Meanwhile, Juncker promised his own EPP faction a different course. "It's important to us that the Stability and Growth Pact isn't altered," said faction leader Manfred Weber.
Juncker then went on to promise the southern European states - currently suffering under harsh austerity measures - a complete restructuring of the hated financial supervision by the "Troika" - the EU, the International Monetary Fund, and the European Central Bank, saying: "I think we have to think about how to give the Troika a bit of democracy."
Juncker also spoke to the Euroskeptic factions - both the moderate and the radical European ones. He promised British Conservatives under Prime Minister David Cameron that their calls for reform would be heard. "He said he would be open to British interests," British Conservative Syed Kamall said following talks with Juncker. And yet, after the last summit, Cameron called Juncker "the wrong man, from yesterday."
Juncker knows that he can expect serious opposition from Downing Street, while the British can expect an important post in Juncker's Commission as a peace offering. Juncker is said to have been offended when the British press brought up supposed health problems, and his father's alleged Nazi past - but he wants the British on board, as he told parliamentarians from Cameron's party. "I explained my true character to them," he said. "They still believed what the British tabloids were writing."
Many friends in different camps
In the last 25 years, Juncker has taken part in all of the EU's decisive steps. He is the most experienced of all European politicians - which his critics think is a disadvantage. But he even likes to overwhelm his political opponents in the parliament with charm and friendly gestures. A clap on the shoulder for Europe opponent Nigel Farage, a bear-hug and a kiss on the forehead for liberal Louis Michel. Friendly waves in all directions, patient interviews, and kisses for his many friends in the European political field, including the Green Party's faction leader Rebecca Harms. "He feels well-prepared for the power struggles among the EU institutions," she said. "He knows those institutions. There is nothing here that could surprise him. There is nothing he hasn't already experienced in the European Council."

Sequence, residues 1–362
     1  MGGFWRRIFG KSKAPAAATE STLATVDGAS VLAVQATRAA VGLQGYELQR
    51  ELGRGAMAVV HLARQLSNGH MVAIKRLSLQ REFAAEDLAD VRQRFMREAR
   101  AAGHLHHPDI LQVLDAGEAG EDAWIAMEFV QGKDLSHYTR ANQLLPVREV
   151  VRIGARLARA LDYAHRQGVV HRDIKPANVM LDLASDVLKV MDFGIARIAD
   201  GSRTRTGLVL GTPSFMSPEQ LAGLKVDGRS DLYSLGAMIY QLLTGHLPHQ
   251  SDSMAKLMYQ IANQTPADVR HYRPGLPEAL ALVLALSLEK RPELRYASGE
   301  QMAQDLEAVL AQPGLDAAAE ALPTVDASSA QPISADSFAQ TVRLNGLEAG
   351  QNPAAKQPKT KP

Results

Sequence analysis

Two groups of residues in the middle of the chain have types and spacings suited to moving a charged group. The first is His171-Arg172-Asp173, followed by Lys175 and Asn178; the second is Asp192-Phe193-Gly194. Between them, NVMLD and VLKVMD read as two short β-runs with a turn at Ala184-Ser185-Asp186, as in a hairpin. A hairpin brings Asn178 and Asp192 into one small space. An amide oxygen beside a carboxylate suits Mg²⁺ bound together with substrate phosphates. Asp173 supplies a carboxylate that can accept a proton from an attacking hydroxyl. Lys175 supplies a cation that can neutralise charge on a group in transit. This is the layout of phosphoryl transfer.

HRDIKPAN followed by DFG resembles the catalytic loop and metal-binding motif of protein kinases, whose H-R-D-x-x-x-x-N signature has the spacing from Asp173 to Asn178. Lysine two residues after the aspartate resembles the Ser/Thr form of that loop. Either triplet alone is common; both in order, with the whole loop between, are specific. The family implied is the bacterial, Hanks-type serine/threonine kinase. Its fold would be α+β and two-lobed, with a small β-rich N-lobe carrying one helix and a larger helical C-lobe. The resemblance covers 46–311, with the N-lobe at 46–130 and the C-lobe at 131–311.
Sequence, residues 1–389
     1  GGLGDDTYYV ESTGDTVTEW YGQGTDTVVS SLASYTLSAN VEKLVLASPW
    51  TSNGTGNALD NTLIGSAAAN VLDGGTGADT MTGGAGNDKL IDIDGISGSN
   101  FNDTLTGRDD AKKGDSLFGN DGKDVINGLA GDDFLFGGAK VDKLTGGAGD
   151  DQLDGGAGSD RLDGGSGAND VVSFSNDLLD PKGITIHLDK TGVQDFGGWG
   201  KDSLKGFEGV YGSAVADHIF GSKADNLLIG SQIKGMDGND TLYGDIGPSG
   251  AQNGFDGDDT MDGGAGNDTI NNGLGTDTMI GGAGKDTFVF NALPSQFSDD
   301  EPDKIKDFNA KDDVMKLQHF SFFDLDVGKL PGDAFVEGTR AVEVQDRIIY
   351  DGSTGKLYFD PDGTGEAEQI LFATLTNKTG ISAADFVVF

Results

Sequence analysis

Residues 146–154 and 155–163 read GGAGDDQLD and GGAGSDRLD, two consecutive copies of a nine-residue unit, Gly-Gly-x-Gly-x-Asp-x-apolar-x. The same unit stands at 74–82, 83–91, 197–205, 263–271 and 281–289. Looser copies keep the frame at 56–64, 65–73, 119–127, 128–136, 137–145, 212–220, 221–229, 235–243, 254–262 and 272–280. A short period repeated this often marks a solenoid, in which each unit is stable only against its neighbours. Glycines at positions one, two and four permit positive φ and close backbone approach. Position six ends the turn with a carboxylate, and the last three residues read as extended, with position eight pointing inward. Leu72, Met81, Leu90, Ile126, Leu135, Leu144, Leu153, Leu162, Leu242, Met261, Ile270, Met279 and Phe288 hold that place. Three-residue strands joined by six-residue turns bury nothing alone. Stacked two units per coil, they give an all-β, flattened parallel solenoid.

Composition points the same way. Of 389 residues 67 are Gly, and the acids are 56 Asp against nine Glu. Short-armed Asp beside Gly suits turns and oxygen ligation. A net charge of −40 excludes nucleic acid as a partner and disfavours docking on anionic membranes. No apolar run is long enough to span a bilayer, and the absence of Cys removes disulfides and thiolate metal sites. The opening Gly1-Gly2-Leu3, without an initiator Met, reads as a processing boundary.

Juncker himself is always trying to spread a good mood and raise the EU's popularity among its citizens. "It often gets on my nerves that Europe is admired and praised outside Europe, and not inside Europe," he said in an interview with Deutsche Welle during his election campaign. Europe has brought peace, created a domestic market, and a common currency - that is much admired, Juncker said.
On Wednesday, EU leaders are set to discuss the appointment of more leading positions and the creation of the new EU Commission that will take office on November 1.
Despite the Christian Democrats' clear victory in Saxony state elections, the CDU has a real problem. The conservatives now have competition on their right, and that's a problem, writes DW's Volker Wagener.
On September 1, 1939, German troops under Adolf Hitler’s Nazi regime launched an attack on Poland. The countries’ presidents have come together 75 years later in commemoration of the event that marked the start of WWII.
German Chancellor Angela Merkel has defended her military aid plan to northern Iraq. However, her critics accuse her not only of a poorly-timed announcement, but also going against Germany’s anti-war stance.
It was a cultural catastrophe: 10 years ago, Weimar's Anna Amalia Library caught fire. Director Michael Knoche tells DW about rescuing books with his bare hands and why a valuable Copernicus work only recently turned up.